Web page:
Authors:Nerilee Hing, Alex M. T. Russell, and Sally M. Gainsbury
Background and aims
Public stigma diminishes the health of stigmatized populations, so it is critical to understand how and why stigma occurs to inform stigma reduction measures. This study aimed to examine stigmatizing attitudes held toward people experiencing problem gambling, to examine whether specific elements co-occur to create this public stigma, and to model explanatory variables of this public stigma.
An online panel of adults from Victoria, Australia (N = 2,000) was surveyed. Measures were based on a vignette for problem gambling and included demographics, gambling behavior, perceived dimensions of problem gambling, stereotyping, social distancing, emotional reactions, and perceived devaluation and discrimination. A hierarchical linear regression was conducted.
People with gambling problems attracted substantial negative stereotypes, social distancing, emotional reactions, and status loss/discrimination. These elements were associated with desired social distance, as was perceived that problem gambling is caused by bad character, and is perilous, non-recoverable, and disruptive. Level of contact with problem gambling, gambling involvement, and some demographic variables was significantly associated with social distance, but they explained little additional variance.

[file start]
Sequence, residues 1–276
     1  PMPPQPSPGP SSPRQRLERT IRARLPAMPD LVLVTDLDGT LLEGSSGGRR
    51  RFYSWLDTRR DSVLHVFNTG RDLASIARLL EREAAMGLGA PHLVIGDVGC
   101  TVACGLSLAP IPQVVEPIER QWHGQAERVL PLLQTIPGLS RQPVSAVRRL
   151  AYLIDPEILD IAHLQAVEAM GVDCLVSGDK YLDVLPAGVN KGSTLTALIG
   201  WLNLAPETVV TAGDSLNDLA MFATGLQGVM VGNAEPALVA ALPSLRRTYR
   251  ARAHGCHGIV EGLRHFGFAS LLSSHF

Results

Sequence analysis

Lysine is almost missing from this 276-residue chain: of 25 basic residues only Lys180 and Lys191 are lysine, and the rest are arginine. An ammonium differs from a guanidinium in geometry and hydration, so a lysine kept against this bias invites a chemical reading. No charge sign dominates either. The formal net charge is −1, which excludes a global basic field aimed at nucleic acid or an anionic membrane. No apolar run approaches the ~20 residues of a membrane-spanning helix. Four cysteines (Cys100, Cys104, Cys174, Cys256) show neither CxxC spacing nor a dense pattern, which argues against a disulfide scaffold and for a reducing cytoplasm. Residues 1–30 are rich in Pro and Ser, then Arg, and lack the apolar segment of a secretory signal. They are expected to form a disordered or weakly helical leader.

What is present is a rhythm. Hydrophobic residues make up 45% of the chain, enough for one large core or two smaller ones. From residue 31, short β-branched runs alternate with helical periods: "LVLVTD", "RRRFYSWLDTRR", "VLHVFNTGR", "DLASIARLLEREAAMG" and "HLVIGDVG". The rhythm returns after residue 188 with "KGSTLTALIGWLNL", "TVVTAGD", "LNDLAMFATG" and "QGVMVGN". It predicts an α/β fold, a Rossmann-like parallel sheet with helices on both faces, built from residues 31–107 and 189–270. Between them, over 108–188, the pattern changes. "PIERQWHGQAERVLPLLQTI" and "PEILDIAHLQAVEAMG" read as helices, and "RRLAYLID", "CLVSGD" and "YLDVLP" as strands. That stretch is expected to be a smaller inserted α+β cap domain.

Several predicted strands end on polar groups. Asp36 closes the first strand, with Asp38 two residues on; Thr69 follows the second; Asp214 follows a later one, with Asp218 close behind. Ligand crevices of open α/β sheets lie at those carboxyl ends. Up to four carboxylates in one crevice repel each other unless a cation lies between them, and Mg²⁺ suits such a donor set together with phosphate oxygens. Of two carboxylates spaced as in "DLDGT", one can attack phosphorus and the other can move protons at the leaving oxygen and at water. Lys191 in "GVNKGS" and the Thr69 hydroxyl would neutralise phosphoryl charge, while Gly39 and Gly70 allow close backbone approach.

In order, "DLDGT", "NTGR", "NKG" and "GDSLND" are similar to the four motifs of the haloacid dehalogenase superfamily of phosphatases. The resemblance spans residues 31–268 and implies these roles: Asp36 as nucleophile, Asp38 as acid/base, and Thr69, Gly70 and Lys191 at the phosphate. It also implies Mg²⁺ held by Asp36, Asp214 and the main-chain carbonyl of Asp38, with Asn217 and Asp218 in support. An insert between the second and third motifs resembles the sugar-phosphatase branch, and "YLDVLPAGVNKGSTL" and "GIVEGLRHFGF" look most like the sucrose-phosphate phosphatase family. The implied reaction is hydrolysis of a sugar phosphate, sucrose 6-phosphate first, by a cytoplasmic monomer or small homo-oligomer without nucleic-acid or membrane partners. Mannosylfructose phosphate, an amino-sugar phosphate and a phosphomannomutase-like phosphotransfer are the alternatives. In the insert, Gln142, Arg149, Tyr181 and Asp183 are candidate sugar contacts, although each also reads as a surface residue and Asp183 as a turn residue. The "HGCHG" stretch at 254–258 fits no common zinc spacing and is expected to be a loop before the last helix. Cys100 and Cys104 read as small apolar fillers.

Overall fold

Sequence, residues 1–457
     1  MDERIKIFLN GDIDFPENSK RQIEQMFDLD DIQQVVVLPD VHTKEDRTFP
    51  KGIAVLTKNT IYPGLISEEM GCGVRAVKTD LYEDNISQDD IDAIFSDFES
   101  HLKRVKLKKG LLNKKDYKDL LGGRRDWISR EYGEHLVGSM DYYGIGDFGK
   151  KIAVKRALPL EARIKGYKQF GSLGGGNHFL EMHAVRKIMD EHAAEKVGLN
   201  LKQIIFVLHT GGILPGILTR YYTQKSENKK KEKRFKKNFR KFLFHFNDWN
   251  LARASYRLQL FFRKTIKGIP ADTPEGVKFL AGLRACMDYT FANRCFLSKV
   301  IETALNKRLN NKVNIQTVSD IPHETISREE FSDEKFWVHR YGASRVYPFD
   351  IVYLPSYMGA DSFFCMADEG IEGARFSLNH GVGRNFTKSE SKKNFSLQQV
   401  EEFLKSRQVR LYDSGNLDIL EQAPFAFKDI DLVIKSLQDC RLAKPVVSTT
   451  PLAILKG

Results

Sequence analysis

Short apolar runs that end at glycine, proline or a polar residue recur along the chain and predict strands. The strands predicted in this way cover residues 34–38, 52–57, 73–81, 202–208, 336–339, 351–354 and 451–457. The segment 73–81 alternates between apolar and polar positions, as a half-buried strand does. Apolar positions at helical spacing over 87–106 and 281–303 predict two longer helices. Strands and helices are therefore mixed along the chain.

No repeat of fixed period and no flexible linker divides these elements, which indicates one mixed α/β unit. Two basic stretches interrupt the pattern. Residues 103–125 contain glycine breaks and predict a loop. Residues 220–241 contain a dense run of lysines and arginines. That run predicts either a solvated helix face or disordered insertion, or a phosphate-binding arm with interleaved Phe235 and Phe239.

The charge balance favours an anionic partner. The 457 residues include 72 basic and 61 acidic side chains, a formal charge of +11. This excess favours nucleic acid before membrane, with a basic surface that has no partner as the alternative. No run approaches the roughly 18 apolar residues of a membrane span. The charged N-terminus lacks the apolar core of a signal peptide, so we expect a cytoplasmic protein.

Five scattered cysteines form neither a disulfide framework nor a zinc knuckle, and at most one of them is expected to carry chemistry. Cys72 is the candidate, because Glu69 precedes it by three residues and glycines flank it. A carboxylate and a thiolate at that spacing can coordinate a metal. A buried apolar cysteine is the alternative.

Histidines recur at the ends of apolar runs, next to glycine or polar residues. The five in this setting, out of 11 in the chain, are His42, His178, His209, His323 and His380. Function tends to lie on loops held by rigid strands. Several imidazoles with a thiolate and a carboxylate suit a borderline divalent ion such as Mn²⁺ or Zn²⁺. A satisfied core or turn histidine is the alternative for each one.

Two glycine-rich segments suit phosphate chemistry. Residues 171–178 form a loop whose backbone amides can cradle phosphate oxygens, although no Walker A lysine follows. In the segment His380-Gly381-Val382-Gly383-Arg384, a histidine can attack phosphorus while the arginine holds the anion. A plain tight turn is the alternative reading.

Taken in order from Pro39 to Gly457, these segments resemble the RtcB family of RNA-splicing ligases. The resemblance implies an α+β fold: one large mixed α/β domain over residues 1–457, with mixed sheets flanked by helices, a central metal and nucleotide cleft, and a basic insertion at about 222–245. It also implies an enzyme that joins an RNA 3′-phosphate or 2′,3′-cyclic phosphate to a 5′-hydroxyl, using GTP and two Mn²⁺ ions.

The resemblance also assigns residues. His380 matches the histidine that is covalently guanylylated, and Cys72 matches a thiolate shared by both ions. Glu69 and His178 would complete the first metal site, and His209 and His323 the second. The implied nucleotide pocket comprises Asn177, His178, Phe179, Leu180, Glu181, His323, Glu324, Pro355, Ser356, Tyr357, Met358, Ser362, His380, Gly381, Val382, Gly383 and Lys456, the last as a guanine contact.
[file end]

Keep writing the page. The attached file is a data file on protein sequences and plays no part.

Discussion and conclusions
This study contributes to the understanding of how and why people experiencing gambling problems are stigmatized. Results suggest the need to increase public contact with such people, avoid perpetuation of stereotypes in media and public health communications, and reduce devaluing and discriminating attitudes and behaviors.
Authors:Sally M. Gainsbury, Daniel L. King, Alex M. T. Russell, and Paul Delfabbro
Background and aims
Social casino games (SCGs) feature gambling themes and are typically free to download and play with optional in-game purchases. Although few players spend money, this is sufficient to make them profitable for game developers. Little is known about the profile and motivations of paying players as compared to non-paying players.
This study compared the characteristics of 521 paying and non-paying Australian social casino game players who completed an online survey.
Paying players were more likely to be younger, male, speak a non-English language, and have a university education than non-payers. Paying players were more likely to be more highly involved in SCG in terms of play frequency and engagement with games and emphasized social interaction more strongly as a motivation for playing. A cluster analysis revealed distinct subgroups of paying players; these included more frequent moderate spenders who made purchases to avoid waiting for credits and to give gifts to friends as well as less frequent high spenders who made purchases to increase the entertainment value of the game.
These findings suggest that paying players have some fundamental differences from non-paying players and high spenders are trying to maximize their enjoyment, while non-spenders are content with the game content they access.
Given the structural similarities between SCG and online gambling, understanding subgroups of players may have broader implications, including identifying characteristics of gamers who may also engage in gambling and players who may develop problems related to excessive online gaming.
Authors:Daniel L. King, Sally M. Gainsbury, Paul H. Delfabbro, Nerilee Hing, and Brett Abarbanel